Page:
So, a few weeks back, in the end of April, I've had a letter from the district building department in our mailbox. I was cautiously excited, hoping for the building permit (haha, says Murphy). Well, it was a letter telling us that they would reject our application at our expense if we would not recall the application voluntarily because the total squarefootage of the house in relation to the property size (Geschossflaechenzahl, short GFZ in German --> a bonus point for you if you can pronounce it!) was much above the legal maximum. Ok, panic attack is coming on since I have no idea what the GFZ is and what that means for us. I call our building engineer and learn from his assistant that he is out of the office already and would not be in the next week due to vacation. In the meantime I google all the information and double-check our building application just to notice that about all the info in the application had been entered incorrectly. The size of the property was entered as 120 sqm instead of 164 sqm, and instead of 2 full levels they entered 3, increasing the size of our house by 50%. Come Monday, I call the office again and tell them to contact the architect, who has mastered this piece of work (= building application), and tell him to double-check it. The assistent promises that the issue will be taken care of and that she would call me back on Wednesday at the latest. Well, Wednesday passes, Thursday is a public holiday, so I call back Friday, since the assistant has not called me back as promised. She tells me that she doesn't have any info yet but calls in to check; a minute later she returns with the information that indeed, there were mistakes in the building application (duh!!), but that our building engineer will have to look at it on Monday.
Come Monday, he really calls me, just to ask what the matter was, as the only info he had received was to call me back urgently. I explain him again what had happened and he promises to check and call me back immediately. Indeed, he gave me a call back a few minutes later and confirms that there have been major mistakes but that they will send in the necessary paperwork to correct the matter. More time passes, and the following Monday I call in again, since no-one gives me any info. I learn that my building engineer had had an accident the week before but was now back in the office and would take care of the issue. This night we received two pages with correction to sign as appendix to the building application, which we return immediately. However, when I called the district building department to confirm that everything is fine now, I learn that indeed no paperwork has been received to correct the matter, and that another minor issue has, as well, not been taken care of. Pretty annoyed I call our building engineer again to ask what the matter was. He informs me that the case worker has been on vacation and will take care of the matter in person as to not having to take the "official" route.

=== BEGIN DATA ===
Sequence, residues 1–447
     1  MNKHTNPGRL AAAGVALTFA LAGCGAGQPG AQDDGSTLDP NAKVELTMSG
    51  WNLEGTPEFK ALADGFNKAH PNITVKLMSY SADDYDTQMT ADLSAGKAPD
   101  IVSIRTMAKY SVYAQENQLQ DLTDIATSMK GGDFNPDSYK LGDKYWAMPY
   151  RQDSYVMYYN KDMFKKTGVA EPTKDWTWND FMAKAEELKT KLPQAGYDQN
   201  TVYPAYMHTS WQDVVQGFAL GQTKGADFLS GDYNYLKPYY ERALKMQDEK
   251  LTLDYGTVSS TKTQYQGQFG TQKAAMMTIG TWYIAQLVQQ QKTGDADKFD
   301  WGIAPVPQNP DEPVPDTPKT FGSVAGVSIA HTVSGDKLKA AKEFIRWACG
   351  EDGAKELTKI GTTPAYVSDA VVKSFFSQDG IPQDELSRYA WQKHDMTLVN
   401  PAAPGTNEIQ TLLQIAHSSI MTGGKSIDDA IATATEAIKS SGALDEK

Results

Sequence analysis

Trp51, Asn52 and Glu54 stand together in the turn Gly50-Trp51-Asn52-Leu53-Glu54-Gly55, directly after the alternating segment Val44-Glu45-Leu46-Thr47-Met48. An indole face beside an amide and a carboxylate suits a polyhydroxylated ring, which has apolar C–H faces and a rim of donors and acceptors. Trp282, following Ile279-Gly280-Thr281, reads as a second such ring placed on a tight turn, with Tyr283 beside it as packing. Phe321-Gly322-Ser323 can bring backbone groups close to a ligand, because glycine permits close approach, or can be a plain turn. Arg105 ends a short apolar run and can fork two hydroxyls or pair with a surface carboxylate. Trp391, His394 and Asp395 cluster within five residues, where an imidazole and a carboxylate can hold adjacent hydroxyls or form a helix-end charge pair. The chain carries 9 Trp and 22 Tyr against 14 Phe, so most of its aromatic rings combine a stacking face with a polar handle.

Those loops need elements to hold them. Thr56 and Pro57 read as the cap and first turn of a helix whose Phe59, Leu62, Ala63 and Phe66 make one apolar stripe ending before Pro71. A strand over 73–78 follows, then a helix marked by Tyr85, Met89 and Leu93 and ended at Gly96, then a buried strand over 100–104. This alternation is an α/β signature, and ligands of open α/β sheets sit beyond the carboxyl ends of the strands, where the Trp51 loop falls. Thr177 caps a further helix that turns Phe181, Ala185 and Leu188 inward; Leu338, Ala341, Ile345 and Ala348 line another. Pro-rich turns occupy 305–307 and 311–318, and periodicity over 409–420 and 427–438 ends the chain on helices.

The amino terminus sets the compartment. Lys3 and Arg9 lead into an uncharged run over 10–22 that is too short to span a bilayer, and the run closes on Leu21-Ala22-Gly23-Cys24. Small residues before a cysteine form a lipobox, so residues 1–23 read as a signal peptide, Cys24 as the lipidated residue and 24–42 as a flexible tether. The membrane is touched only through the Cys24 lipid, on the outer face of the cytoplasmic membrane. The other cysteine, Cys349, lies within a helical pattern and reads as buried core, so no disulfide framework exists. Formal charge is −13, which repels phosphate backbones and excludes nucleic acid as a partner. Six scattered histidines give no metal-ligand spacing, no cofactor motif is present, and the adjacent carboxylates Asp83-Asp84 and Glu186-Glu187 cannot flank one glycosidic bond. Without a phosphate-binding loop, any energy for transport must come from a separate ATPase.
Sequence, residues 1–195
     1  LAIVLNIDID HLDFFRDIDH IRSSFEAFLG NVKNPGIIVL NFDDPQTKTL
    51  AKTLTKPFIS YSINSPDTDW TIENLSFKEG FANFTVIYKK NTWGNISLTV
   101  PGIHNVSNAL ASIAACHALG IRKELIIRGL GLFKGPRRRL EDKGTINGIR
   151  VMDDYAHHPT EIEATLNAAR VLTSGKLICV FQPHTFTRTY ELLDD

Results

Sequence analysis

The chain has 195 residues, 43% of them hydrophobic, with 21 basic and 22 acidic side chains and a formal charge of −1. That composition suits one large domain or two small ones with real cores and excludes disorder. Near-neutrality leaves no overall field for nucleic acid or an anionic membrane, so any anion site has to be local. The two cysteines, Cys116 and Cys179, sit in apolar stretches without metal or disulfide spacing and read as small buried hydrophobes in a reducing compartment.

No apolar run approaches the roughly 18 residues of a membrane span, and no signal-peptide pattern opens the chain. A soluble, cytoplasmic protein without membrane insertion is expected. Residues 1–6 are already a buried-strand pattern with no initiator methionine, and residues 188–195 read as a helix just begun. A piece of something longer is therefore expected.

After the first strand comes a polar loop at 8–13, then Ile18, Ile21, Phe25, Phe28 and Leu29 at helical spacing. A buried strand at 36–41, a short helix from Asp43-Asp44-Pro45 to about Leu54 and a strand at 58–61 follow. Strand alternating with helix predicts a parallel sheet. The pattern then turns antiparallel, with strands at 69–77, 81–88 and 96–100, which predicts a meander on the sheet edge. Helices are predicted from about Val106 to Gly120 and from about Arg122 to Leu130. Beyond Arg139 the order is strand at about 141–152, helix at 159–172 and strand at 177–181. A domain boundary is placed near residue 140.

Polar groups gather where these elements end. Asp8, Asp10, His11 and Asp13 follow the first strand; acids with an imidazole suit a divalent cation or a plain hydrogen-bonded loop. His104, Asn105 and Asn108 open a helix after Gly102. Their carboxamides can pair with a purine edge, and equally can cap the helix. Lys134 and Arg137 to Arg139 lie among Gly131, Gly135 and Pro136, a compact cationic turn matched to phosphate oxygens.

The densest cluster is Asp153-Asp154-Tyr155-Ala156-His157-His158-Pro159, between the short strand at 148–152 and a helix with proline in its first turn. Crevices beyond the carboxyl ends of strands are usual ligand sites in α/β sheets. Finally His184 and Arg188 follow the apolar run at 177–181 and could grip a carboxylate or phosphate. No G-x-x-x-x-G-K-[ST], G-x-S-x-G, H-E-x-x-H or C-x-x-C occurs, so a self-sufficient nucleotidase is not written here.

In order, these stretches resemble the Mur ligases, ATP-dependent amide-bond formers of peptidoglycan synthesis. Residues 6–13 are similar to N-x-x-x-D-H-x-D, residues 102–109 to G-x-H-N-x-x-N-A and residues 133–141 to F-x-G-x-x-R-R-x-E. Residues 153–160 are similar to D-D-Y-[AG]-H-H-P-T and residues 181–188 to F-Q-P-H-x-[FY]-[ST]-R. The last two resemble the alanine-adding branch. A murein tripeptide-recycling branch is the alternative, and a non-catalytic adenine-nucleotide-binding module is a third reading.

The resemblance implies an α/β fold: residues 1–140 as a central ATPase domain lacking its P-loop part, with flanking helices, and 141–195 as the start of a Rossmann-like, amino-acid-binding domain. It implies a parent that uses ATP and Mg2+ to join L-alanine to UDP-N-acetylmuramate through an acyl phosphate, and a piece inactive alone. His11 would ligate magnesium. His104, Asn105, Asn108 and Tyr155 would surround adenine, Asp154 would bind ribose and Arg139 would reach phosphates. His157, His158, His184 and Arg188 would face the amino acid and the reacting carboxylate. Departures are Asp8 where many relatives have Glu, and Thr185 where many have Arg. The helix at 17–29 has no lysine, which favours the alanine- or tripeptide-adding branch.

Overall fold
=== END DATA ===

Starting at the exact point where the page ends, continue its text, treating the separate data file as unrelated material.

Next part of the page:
So I hope that tomorrow, we will finally learn that everything has been figured out and corrected. Keeping fingers crossed and knocking the heck out of all the wood around me, trying to keep Murphy at bay. Richard and I have asked ourselves multiple times if there was any way out of the whole matter, but of course there's none. Too much money has been spent already, so the only way to go for us is forward. We know that once the house is actually built and we have moved in, the struggles we're facing now will not matter any more, but right now, we're at a point where we're not even looking forward to owning a house any more. All he stress, issues, and obstacles we've faced so far before even a single worker has set foot on our property to start building has taken the fun out of it all. Had we known 9 months ago what we know now, we've never even set foot on the path of building our own home but waited until the right house had popped up on the market; yes, buying an existing house would have been a lot more expensive in terms of fees and taxes, but it would have saved us a lot of nerves and stress on the way.